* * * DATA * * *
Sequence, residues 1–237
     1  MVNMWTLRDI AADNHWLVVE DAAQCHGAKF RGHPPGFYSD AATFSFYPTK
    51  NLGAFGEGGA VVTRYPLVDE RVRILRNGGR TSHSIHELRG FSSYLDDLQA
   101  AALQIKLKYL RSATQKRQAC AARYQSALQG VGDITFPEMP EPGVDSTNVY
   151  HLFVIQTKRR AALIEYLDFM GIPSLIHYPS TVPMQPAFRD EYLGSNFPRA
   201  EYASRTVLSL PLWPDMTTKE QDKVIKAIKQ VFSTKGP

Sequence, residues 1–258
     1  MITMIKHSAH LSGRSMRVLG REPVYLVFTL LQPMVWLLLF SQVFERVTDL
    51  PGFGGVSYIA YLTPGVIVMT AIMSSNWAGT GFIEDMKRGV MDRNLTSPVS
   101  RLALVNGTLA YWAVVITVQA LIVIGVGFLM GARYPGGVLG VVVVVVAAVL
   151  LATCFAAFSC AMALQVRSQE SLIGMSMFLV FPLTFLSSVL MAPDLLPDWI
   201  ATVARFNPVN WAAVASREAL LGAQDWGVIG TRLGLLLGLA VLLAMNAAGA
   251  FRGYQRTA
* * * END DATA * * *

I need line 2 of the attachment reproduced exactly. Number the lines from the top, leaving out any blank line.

     1  MVNMWTLRDI AADNHWLVVE DAAQCHGAKF RGHPPGFYSD AATFSFYPTK